Some people find that their flexible spending accounts are far from flexible during the COVID-19 pandemic.
Because of the pandemic, many people are not sending their children to daycare or spending money on skilled expenses as they planned.
The money in their accounts is just sitting there, and that could be a problem.
“We made a decision to raise $ 5,000. That is the maximum contribution and that is our normal choice,” said Melissa Vernon, a married mother of 9-year-old daughter in Oconomowoc, WI.
During a normal year, spending that money isn’t usually a problem with school aftercare, summer camps, and work duties that require overnight travel.
“In a normal year, our follow-up care would be about $ 900 from January through early June,” she said. “We only raised $ 378 this year.”
By the time she and her husband could no longer contribute to their account, they had already contributed $ 2,826. Vernon has been able to pay for a few small summer camps and the first few months of follow-up care, but has a lot of money left that she can’t spend.
The options for Vernon and others in this situation depend on the employer and the type of flexible expense account.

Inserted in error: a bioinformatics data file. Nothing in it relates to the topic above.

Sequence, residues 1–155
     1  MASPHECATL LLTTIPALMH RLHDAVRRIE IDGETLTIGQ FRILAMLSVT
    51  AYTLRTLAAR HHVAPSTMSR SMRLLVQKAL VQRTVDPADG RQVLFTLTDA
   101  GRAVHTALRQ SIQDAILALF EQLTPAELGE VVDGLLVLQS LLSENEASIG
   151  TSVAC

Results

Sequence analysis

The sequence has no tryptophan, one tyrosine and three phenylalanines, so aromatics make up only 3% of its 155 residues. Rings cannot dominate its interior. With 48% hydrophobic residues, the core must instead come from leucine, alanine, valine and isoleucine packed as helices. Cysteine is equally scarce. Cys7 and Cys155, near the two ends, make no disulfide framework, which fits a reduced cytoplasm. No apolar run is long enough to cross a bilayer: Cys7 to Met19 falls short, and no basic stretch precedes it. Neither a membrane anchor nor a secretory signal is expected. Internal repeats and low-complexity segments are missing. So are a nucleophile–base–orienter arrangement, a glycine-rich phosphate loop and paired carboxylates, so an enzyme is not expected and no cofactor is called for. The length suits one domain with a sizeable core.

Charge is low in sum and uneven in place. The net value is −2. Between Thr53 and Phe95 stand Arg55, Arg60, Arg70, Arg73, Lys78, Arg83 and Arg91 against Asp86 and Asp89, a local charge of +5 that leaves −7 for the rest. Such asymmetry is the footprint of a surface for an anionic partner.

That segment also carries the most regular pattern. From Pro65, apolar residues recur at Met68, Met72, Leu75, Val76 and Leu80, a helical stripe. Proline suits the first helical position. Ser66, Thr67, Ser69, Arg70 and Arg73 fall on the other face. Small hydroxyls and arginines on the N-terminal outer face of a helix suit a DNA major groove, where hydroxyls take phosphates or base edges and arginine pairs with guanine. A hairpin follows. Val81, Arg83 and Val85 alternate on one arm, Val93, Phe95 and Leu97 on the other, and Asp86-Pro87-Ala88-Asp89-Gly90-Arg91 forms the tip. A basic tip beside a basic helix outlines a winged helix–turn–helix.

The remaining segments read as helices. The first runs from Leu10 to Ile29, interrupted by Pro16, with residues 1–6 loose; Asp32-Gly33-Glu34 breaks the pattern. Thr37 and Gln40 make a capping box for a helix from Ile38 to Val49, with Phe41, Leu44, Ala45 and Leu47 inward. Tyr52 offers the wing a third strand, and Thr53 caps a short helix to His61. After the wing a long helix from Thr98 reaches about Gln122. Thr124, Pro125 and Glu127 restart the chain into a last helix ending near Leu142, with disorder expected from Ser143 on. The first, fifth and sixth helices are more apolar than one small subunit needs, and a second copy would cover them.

What is a flexible spending account?
A flexible expense account (FSA) is an account that you can set up with your employer to set aside dollars before taxes for certain expenses. They are sometimes referred to as cafeteria plans.
Employers take cash from pre-tax paychecks to fund the accounts, which are regulated by the IRS. A third party usually manages the accounts and handles the reimbursements.
There are two types of FSAs:
- HCFSA: This is a health FSA. Individuals can contribute up to $ 2,750 per year to pay for a variety of health and medical expenses related expenses.
- DCFSA: This is an FSA dependent care. Parents with children under the age of 13 can contribute up to $ 2,500 individually or $ 5,000 if married and filing together. The money can be used to pay for day-care centers, pre-school children, pre- and post-school care and summer camps.
Not all employers offer FSAs, but for those who do, there is an annual enrollment period during which employees can decide whether to fund an account and how much to contribute. Employees can only change the amount they contribute during the year if there is a qualifying event such as the birth of a child or a change in marital status.
There is one major difference in the way the two types of accounts are refunded.